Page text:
Herwig reviews his experience as a student, intern, and resident of the Washington University School of Medicine in the early 1940s, and his memories of thrilling teachers such as Hartmann Sr. and Zebatine Hybias???? [Zentay?}. They knew medicine not only the laboratory aspects but clinical aspects. Hartmann brought patients and their mothers to the amphitheatre as well as the clinic where students saw clinical practice demonstrated. Herwig also rubbed shoulders with outstanding people who were research scientists besides the five research scientists, who were or were about to be Nobel Laureates including Carl and Gerty Cori, Joseph Erlanger, and Dr. Hershey in Bacterioiogy.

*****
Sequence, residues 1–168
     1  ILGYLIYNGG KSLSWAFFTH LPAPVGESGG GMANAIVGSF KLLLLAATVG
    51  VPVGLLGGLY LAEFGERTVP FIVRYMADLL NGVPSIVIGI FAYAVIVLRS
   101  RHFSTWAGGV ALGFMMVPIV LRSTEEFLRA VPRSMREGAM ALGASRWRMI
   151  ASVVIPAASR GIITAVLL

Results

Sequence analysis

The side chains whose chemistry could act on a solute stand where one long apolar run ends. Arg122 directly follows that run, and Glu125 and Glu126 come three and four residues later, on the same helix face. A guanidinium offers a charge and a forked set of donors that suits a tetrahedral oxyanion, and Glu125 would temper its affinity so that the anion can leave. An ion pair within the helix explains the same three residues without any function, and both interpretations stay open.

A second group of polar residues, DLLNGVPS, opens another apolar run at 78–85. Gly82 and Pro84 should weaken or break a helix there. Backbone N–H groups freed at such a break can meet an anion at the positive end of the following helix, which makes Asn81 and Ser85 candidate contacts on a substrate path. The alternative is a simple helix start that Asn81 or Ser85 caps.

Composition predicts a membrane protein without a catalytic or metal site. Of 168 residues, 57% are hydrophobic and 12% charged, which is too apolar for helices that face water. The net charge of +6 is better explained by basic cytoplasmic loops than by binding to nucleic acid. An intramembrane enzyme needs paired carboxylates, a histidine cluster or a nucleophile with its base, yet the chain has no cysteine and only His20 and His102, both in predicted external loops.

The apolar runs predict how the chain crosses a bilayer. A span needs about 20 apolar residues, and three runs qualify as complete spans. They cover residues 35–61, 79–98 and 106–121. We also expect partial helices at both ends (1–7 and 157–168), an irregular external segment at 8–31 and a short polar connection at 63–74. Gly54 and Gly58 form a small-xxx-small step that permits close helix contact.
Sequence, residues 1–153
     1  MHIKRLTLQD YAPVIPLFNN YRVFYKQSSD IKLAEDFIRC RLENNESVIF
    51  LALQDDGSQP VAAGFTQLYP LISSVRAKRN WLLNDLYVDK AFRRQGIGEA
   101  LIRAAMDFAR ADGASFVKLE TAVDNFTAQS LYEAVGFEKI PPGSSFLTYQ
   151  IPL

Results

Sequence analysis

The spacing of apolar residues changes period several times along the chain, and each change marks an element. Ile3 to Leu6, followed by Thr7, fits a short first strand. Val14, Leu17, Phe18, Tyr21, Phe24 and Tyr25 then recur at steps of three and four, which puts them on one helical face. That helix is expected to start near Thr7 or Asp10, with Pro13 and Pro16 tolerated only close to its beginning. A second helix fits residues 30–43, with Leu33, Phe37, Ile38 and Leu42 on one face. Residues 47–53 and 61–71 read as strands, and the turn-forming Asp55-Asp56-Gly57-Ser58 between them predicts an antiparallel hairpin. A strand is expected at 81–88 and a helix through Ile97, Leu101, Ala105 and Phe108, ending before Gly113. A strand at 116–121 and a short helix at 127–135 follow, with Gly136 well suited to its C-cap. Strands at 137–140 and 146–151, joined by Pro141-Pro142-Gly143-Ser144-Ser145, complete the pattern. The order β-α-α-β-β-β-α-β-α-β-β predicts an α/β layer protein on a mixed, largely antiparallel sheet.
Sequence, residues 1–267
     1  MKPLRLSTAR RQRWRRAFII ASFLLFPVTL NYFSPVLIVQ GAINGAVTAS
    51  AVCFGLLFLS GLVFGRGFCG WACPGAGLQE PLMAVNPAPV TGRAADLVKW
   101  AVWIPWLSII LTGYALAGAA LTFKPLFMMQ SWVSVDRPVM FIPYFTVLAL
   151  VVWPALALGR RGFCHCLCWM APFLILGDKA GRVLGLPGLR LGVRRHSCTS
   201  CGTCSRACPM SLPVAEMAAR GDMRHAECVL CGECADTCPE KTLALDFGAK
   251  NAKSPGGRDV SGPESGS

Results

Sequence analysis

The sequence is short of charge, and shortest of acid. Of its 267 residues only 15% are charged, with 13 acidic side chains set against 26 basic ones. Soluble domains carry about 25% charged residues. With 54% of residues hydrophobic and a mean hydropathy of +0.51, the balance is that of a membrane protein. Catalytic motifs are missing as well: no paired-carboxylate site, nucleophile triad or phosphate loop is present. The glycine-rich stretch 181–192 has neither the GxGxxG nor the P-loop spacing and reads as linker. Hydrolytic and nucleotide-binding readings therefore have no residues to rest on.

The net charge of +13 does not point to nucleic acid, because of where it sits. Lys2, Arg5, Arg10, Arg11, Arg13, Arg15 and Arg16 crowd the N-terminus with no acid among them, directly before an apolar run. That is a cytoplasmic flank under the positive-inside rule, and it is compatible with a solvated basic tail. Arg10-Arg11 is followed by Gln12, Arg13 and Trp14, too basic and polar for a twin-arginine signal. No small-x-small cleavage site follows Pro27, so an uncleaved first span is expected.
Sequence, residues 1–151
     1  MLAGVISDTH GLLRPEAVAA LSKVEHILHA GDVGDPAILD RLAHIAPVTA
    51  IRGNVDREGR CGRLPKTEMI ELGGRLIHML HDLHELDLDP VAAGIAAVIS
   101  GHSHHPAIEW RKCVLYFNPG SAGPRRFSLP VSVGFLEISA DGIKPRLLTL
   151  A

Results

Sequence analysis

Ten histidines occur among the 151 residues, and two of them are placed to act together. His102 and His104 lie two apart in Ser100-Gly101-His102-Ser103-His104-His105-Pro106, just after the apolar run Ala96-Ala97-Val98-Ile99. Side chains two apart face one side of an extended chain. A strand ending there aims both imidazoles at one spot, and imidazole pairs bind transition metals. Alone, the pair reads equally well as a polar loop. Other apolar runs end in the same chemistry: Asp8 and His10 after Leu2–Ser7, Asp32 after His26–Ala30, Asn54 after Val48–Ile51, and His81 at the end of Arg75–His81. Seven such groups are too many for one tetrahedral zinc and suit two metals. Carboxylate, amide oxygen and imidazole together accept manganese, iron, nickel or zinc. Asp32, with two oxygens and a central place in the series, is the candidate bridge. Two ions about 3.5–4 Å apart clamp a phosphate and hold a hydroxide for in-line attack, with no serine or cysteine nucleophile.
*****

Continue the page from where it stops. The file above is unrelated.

Hartmann insisted that Herweg stay for his internship and residency. Herwig was one of the bright medical students that Hartman recruited into pediatrics and nutured along. He helped them rise.

He mentions his first wife, Janet Scovill, who had finished her pediatric residency at Children’s (Which Children’s ) before him. [She died in 1958.} He also speaks of his present wife Dottie Glahn, who was head nurse of the infant ward at St. Louis Children’s Hospital from 1947-1959.

The interviewer asked him his recollections of Mrs. Langenberg, Gracie Jones and other women on women on the Board of Children’s hospital. He also briefly discussed interactions with Estelle Claiborne, the hospital administrator.

He recalls that World War II’s major effect on St. Louis Children’s Hospital was reduction of the number of house officers. The residents who were in charge of the hospital during the nighttime hours were consequently overworked.